Quick Roundup 429

Monday, May 04, 2009

Voting with Their Feet

Before noting that Houston's leaders are working to kill the goose that lays its golden eggs, Brian Phillips cites a very interesting statistic:

When comparing California with Texas,U-Haul says it all. To rent a 26-foot truck one way from San Francisco to Austin, the charge is $3,236, and yet the one-way charge for that same truck from Austin to San Francisco is just $399. Clearly what is happening is that far more people want to move from San Francisco to Austin than vice versa, so U-Haul has to pay its own employees to drive the empty trucks back from Texas.
Our elected leaders enact policies -- obviously demanded by the body politic -- that destroy prosperity and yet people who have to live under such policies find that they cannot -- and leave.

This reminds me of Cass Sunstein.

This difference between the altruistic morality that people profess (and attempt to make others abide by through law) and the selfish one they actually live by (if with imperfect consistency), lends surface credibility to Sunstein's Platonic notion (summarized by Doug Reich) that:
Sunstein relies on a distinction between what he calls the "consumer" and "the citizen" arguing that our behavior as consumers differs from our behavior as "citizens". In other words, as "consumers" we act selfishly and might indulge in the inane mindlessness of "infotainment" or "sports" news whereas when we act as "citizens" we adopt the high minded aspirations of the thinker busily considering such monumental topics as "environmental protection" or "antidiscrimination". Note the Platonic separation of the world into a sort of "imperfect" realm of immediate, brute reality which we approach as a "consumer" and the higher, idealized realm of "the citizen"...
Of course, Sunstein disdains selfishness, and so focuses on things like "infotainment." As an altruist, he sees nothing wrong with this state of affairs. As a pragmatist and collectivist, he wants to use this to promote a state that forces people to act more in line with how they should, according to altruism. And as a determinist, he thinks the state has to do this.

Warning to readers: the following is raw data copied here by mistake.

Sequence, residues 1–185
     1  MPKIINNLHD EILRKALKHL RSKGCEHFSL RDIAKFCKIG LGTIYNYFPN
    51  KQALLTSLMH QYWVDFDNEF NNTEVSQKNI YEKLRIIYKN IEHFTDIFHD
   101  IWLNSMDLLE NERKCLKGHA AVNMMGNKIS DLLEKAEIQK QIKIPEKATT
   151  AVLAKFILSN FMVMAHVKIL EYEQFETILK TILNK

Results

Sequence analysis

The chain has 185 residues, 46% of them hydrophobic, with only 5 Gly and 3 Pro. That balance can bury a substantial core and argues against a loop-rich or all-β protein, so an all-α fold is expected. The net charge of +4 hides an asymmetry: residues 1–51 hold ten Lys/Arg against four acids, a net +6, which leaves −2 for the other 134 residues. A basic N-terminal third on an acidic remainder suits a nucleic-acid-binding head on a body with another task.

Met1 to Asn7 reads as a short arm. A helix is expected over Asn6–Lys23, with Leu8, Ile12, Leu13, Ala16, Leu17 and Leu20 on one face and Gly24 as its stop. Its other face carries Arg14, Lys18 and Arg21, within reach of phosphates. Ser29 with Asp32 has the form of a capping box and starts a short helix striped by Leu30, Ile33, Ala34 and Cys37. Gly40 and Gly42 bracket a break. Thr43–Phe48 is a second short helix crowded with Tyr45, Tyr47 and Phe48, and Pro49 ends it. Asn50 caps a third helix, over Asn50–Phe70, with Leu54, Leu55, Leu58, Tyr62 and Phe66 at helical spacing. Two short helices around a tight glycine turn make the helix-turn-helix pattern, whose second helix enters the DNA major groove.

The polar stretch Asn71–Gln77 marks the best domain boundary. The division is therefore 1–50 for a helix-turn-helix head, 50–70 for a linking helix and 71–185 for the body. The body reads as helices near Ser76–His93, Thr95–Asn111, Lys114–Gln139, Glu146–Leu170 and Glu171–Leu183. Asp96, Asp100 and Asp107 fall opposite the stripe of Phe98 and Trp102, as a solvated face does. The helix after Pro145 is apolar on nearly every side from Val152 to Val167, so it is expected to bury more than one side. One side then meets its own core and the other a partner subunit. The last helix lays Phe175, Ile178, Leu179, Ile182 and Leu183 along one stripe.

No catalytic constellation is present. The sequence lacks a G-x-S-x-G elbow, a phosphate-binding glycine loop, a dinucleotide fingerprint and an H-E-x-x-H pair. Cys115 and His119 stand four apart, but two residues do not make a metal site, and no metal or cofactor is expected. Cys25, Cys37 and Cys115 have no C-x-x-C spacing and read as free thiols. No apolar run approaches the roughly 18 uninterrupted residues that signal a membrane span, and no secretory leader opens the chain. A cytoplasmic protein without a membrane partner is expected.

At the end of his post, Reich points to web site focused on stopping Sunstein from being confirmed as Obama's "Regulatory Czar." And that may not be the only post we have to be concerned about. Sunstein's name is already appearing on "short lists" of possible replacements for David Souter, who recently announced plans to retire from the Supreme Court.

Fascist Thuggery

From several sources I am reading ominous reports of thuggery by the current administration on behalf of its efforts to "fix" our economy. Via Amit Ghate is a link to blog post that reproduces the following unsubstantiated story about an encounter between the "Car Czar" and the manager of a hedge fund owning some Chrysler debt:
Who the fuck do you think you're dealing with? We'll have the IRS audit your fund. Every one of your employees. Your investors. Then we will have the Securities and Exchange Commission rip through your books looking for anything and everything and nothing we find to destroy you with.
Sadly, Respice Finem also produces ample documented accounts that collectively make the point that such an encounter is well within the realm of possibility.

Glenn Reynolds notes that Jake Tapper has been looking into this matter.
A leading bankruptcy attorney representing hedge funds and money managers told ABC News Saturday that Steve Rattner, the leader of the Obama administration's Auto Industry Task Force, threatened one of the firms, an investment bank, that if it continued to oppose the administration's Chrysler bankruptcy plan, the White House would use the White House press corps to destroy its reputation.

The White House and a spokesperson for the investment bank in question challenged the accuracy of the story.
Tapper is a senior White House correspondent for ABC News.

As Amit Ghate puts it, "I strongly suggest you make your voice heard before it's no longer possible."

Caspar Milquetoast

After listening to Tom Waits' song. "The Piano Has Been Drinking" (a somewhat "cleaner" version from a seventies television appearance of his can be seen here), I looked up "Caspar Milquetoast" and found a blog that has posted several examples of the comic strip (The Timid Soul) that has given us the idiom.
Some of [these cartoons] are more wry observations, some laugh-out-loud funny. We all know a Caspar Milquetoast. Sometimes Webster used subtlety, as in the drawing where the census taker asks, "Are you the head of the household?" Caspar's sidelong glance at his wife tells us all we need to know.
Yes, I might want to buy myself a copy of The Best of H.T. Webster, after seeing these.

Past - Present - Principles

Dianne Durante has set up a blog which she describes as a "trial run for a website I'd like to produce that would offer short essays on major events in American history, with suggested readings from Ayn Rand and Objectivist scholars." It's called Past - Present - Principles and she's looking for advertisers. You can also find Past - Present - Principles linked from Forgotten Delights, as well.

-- CAV


Richard said...

Re: the "Fascist Thuggery" story. It is incredibly shocking and appalling if true (however not surprising). It's worth checking the radio show that covered it. They note some interesting points.


Gus Van Horn said...


Thanks for providing that link.\